Extract from a post by Andrew Hamilton
Wednesday 9 April is Youth Homelessness Matters Day. We customarily see homelessness as the end of the road. It is the life chosen by people whose life of separation from society has led them to prefer to live without a place to call home.
From this perspective youth homelessness seems particularly shocking because it affects people who are beginning their adult lives. It seems too soon for them to cut their connections with society. So in their case we come quickly to see homelessness as a problem to be solved, and to be moved on from.
But the reality is that very few people, young or old, choose to be homeless. They may accept it as their inescapable condition. But most would prefer a safe place to which they could return regularly as their home. The fact that in a wealthy society so many people are homeless may make us ask whether it is acceptable for anyone to be homeless in a wealthy society. It speaks of priorities that have gone awry.
Homelessness is an indictment of society because it marks a lack of connection, the necessary glue within any society. If a society allows people to be disconnected through homelessness it at least shows a lack of awareness of its own core business.
The importance of home is shown by the cultural resonance of words like house and home. They connote deep patterns of relatedness through time, as when we speak of the house of the Windsors or of the Packers. They also speak of firm connections to place, developed though metaphors of roots, of footprints left on soil, of memory enshrined in stone. Without a home we are disconnected, transient, immaterial, unearthed.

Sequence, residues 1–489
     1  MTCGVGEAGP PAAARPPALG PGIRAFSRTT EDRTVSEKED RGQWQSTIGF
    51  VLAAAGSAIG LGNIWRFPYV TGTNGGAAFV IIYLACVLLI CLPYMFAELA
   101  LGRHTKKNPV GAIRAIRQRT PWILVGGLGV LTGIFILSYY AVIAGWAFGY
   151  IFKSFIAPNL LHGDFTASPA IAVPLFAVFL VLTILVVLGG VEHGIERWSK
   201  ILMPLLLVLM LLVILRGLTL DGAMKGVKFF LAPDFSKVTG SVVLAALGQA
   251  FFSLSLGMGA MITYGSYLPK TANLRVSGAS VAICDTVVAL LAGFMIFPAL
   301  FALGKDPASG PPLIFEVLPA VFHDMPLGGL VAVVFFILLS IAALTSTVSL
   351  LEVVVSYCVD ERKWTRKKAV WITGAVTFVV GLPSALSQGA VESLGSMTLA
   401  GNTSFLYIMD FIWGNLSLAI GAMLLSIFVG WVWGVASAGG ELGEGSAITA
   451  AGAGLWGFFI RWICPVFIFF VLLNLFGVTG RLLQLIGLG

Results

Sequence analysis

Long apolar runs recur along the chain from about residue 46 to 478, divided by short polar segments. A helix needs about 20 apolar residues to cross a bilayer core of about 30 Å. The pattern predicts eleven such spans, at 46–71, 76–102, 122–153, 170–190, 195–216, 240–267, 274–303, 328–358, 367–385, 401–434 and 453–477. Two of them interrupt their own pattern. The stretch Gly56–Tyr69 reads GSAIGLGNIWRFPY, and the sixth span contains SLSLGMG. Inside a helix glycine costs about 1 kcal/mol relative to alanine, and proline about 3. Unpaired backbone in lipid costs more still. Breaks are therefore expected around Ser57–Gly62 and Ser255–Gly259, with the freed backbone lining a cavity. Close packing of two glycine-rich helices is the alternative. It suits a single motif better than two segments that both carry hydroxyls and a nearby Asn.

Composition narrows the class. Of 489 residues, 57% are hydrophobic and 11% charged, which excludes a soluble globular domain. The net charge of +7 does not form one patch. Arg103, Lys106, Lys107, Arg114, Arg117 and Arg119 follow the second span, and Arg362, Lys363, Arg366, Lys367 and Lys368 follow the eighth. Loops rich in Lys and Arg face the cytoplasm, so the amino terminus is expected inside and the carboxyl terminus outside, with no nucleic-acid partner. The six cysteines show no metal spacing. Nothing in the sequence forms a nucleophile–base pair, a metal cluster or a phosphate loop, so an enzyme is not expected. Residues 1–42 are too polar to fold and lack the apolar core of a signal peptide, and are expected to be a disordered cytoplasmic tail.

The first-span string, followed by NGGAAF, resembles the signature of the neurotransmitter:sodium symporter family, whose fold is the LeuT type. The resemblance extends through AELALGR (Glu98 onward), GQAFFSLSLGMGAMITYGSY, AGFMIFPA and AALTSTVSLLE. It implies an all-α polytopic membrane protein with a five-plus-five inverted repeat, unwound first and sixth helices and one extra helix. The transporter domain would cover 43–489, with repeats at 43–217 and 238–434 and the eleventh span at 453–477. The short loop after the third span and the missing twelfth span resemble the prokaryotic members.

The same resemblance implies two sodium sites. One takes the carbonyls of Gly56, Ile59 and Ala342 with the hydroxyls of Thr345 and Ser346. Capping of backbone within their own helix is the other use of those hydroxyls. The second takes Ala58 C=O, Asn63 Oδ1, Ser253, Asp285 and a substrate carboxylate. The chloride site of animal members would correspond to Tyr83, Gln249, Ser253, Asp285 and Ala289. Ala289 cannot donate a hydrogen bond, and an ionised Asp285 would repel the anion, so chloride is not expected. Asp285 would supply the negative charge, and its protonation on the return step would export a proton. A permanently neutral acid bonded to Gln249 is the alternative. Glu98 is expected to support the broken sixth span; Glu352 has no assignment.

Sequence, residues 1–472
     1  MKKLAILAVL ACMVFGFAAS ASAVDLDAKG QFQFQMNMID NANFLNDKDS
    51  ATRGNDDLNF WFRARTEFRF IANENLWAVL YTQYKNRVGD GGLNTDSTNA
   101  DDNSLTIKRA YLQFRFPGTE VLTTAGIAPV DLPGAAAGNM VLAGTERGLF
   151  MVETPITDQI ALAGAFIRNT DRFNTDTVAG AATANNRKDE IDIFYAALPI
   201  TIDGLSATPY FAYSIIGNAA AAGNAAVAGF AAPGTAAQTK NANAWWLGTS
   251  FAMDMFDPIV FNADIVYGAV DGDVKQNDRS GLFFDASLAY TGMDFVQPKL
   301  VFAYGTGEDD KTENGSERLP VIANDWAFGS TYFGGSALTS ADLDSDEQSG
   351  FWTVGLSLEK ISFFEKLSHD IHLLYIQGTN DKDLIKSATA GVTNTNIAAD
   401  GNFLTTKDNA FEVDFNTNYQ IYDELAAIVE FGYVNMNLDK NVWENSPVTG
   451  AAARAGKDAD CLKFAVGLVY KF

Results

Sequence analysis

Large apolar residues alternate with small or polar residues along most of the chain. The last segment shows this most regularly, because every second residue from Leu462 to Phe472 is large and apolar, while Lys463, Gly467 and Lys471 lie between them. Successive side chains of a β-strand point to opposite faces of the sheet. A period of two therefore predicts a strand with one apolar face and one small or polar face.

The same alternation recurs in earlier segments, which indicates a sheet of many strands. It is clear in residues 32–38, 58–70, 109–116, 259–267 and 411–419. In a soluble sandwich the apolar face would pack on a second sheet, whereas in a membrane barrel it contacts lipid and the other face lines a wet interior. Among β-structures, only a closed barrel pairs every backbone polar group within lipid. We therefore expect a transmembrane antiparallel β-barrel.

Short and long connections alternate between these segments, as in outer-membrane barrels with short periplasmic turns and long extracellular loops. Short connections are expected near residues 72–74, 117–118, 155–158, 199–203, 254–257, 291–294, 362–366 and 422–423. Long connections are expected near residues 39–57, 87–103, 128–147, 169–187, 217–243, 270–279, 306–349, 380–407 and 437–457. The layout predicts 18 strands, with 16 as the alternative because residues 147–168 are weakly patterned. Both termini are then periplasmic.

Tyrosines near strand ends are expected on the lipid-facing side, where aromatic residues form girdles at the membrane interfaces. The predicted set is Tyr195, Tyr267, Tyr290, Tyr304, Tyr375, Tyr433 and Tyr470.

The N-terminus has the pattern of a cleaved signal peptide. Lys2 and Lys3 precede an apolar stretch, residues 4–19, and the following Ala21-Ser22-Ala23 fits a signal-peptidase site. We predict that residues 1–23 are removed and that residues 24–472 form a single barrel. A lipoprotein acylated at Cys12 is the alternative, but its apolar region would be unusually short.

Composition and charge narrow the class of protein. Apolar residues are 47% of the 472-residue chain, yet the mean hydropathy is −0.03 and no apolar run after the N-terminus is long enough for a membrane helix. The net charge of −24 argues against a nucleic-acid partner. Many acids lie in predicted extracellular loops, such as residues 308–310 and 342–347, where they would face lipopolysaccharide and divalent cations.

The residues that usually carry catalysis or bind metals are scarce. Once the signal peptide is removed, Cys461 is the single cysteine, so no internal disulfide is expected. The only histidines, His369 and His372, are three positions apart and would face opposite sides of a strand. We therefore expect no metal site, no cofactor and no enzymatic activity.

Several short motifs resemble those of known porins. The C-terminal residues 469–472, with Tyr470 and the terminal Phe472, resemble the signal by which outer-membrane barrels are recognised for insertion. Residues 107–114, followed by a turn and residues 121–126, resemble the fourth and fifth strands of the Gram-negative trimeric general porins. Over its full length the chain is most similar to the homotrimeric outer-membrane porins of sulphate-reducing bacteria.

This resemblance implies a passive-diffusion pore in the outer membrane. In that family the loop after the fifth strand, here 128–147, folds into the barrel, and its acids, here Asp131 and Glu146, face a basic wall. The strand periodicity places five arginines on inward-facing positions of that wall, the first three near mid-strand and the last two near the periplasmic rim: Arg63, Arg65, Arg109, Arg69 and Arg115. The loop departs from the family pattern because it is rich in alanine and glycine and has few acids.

These may seem to be large words to describe simple, everyday realities. But they suggest how important the connections associated with a place of residence are in ordinary human living. For individuals to lose connections through homelessness is a tragedy; for them to be homeless involuntarily indicts a society of carelessness; for young people to lack accommodation is a mark of wanton callousness.
In the case of young people, homelessness is not only the symbol of disconnection but also its consequence. If young people choose to leave home, it is usually the least bad of their options.
Most homeless young people have escaped a very difficult home life. They may have lived under the shadow of violence, been rejected by their parents and partners, lived in unstable homes where alcohol and drug abuse was common. They left to escape a dangerous, unpredictable and loveless home and a dysfunctional family. Others may have been unable to return home after spending time in juvenile justice centres.
Experiences of this kind explain why it is so hard for them to find stable accommodation. Today there is little investment in public housing, and it is a challenge for anyone to find rented accommodation. It is doubly difficult for young people who may be physically ill, suffer from mental illness or addiction. They lack the experience, financial resources and required documentation to negotiate the rental system...(continues)
SOURCE: Andrew Hamilton, Homeless young people need the means to flourish”, Eureka Street, 07 April 2014